Most recently I was in the Navajo Reservation working and, yeah, I mean, it's such a privilege to be let into that community, especially with the history that the Native Americans have with, you know, American culture and to be able to, you know, get to be with the Navajo people and take care of them and witness their customs and, just cultural values and then be able to hopefully, you know, educate or enhance whatever clinical care that they are getting. I mean, that's always a privilege.

I've been really, really fortunate, first, to have a career that affords me that, but also to, especially currently, be at a, at an institution that supports that, both from like a clinical and educational and research standpoint.

John: Wow. You are just doing so much and so well articulated about the work you're doing with the Navajo tribes and, and all the work you're doing all around the world. Thank you for sharing that. something that has really struck me when we spoke last is, is this personal philosophy of remember why you started?

Are there any ways, any wisdom or advice, you've given already so much, and so I hate to keep asking for more here, but any advice through that to those interested in emergency medicine, looking for ways to integrate technology and data into what they're doing today?

Chanel: Yeah, I mean, I would say, I, I mean, it's a marathon of training in medicine and, you know, you start out by writing the personal statement for medical school and you say, you know, I want to be a doctor because, pick me because, and the reality is, is like, there's just so many qualified, amazing candidates out there. I think it's really important to not lose your sense of self in that, it's really hard to do, especially when you're working long clinical hours, like in med school and residency and fellowship. But it's really important to keep that sense of self, like what makes you tick, what makes you survive, what brings you joy and like, keeps you grounded.

And so what I mean by that is like, if you're a really avid runner, keep running, keep something of your identity, aligned with you, because I think it'll help keep you grounded in the process. You can really lose sight of the end goal because the days are just really hard.

You're exhausted. Sometimes to remember why you started, it can be really important, especially when you feel completely overwhelmed with patient care, patient expectations, volumes of notes, You know, sometimes it's just connecting with the right patient on a really bad day. you may feel like you've helped nobody that day, but if you help just one person, it's more than zero.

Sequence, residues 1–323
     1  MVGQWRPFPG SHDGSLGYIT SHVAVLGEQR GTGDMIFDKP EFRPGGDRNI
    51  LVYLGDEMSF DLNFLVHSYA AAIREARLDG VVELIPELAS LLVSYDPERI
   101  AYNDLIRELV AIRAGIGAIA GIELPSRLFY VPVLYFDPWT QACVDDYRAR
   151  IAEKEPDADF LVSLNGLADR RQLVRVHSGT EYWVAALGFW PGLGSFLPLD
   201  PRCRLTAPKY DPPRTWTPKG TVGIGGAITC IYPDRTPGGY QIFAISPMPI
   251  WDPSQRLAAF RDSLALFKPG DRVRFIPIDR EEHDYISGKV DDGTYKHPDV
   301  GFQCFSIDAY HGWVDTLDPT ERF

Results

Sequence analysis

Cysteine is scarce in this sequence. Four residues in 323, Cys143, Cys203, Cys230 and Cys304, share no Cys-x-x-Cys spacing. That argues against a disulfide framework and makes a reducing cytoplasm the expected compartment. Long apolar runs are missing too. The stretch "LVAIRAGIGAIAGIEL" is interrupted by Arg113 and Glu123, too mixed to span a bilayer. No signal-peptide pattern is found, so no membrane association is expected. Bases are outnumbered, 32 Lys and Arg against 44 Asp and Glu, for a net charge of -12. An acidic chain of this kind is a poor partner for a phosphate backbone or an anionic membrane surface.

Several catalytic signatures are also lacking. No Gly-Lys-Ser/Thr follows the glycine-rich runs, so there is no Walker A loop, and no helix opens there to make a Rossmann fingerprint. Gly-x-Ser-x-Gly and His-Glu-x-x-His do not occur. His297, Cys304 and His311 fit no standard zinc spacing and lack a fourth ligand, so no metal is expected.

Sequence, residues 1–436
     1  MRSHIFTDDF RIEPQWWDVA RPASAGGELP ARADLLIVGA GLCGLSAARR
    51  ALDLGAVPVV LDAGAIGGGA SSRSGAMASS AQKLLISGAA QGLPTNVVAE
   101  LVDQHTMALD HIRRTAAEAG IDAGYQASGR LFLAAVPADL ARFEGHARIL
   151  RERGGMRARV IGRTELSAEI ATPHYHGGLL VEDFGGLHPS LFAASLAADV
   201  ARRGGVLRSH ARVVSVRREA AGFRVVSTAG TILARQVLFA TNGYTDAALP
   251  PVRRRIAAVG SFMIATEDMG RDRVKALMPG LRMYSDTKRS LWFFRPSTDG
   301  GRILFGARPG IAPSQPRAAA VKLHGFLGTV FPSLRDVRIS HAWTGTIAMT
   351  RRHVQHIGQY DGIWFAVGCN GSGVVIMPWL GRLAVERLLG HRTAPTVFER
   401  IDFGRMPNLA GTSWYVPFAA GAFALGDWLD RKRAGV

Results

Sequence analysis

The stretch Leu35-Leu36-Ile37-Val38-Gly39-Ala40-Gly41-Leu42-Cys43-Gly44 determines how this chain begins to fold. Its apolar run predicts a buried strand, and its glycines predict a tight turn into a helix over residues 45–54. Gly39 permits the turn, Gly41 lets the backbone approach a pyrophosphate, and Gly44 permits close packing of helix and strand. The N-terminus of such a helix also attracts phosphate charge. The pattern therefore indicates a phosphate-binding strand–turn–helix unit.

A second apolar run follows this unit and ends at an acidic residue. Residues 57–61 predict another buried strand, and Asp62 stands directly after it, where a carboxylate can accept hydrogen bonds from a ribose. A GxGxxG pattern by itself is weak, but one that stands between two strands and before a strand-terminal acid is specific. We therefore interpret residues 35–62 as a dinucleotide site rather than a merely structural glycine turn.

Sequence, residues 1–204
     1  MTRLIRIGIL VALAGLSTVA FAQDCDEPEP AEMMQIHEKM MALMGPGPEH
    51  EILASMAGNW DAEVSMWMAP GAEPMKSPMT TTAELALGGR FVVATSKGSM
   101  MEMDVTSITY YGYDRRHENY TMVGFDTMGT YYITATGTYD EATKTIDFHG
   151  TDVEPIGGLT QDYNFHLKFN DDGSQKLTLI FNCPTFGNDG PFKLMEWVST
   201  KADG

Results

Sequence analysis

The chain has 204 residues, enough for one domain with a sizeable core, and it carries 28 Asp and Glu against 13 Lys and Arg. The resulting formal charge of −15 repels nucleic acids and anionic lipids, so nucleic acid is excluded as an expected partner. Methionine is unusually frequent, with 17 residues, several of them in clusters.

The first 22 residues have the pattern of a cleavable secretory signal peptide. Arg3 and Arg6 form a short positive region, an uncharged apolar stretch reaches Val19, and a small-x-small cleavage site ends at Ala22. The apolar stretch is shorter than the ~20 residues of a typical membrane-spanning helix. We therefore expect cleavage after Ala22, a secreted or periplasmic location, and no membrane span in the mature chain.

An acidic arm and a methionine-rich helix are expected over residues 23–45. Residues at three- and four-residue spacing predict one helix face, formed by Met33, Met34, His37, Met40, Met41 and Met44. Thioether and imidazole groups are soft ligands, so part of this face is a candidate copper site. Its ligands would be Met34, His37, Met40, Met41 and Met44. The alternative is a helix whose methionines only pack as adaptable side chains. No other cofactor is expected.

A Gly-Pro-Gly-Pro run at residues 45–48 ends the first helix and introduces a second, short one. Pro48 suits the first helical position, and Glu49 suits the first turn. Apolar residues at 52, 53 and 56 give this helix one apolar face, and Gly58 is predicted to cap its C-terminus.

I think keeping perspective of both who you. Were, and still are, and like hope to still be, is really important. the things that are going to keep you glued together in the hard training years is really important too. If giving back to certain communities is important to you, try to maintain what you can to keep at it when you're in med school or when you're in residency. Anything to keep you grounded will keep you sane throughout the process.

John: I love that you are just a wealth of knowledge and wisdom and I will send you a bill for all this incredible consultation you've given me.

Chanel: I don't know about that. I will say, one of the more humbling things I heard recently, was actually from one of our very, very high up chairman.

Af ew of us were asked to be on the resident panel for just like career and life advice and I just found it so humanizing to hear some of the advice that he gave and one of the most important pieces was, what do you wish that you would have done differently earlier in your career or whatever and, and I was just shocked that he said, I wish I would have started therapy earlier and, and I will say it has been really transformative, I think, in like a self awareness process, and I think usually there is some sort of self awareness process as you go through a career of medicine, you know, it'll push you to limits you didn't even know existed both spiritually, physically, emotionally, And so I think having the tools and the self awareness to like process through those harder times is, is a really important thing to have, and can really reground you in who you are when you're in times of crisis.

John: I couldn't second that opinion more, as I'm doing a lot of work right now in mental health. And so thank you for. Adding that in there. Well, Chanel, thank you so much for your time. Where can people maybe reach out to you or learn more about the work and all the initiatives you're involved with?

Chanel: So I work at, I work at the Brigham in Boston part of the Harvard Affiliated Emergency Medicine Residency. But also I have a Twitter handle you can tweet me at Chanel Fischetti. I tend to be quite responsive, so yeah, feel free to tweet me is probably the easiest way.

John: And that is beautiful as well, the fact that you're still reachable with all the incredible work you're doing. It does feel like, kind of what you were saying about, taking time to read somebody's paper. I feel like, we just came into that category with Labfront and you doing this podcast.

Chanel: Oh, no, I mean, I'm happy to help. I mean, I certainly do not have anything figured out. And so like if I said anything that somebody takes away and is helpful, I am more than happy to help. What you don't see is the thousands of mistakes that have been made along the way.

And so, you know, I just hope people keep perspective that failure is part of the process, and part of the refinement. anything worth having is, is not usually easy to acquire. Failure is just part of that recipe.

John: Hmm. Yeah, failure is part of the process. Awesome, Chanel. Well, thank you so much for joining us on Human Science, and we'll talk to you next time.

Chanel: Yeah, I appreciate your time. Thanks for having me.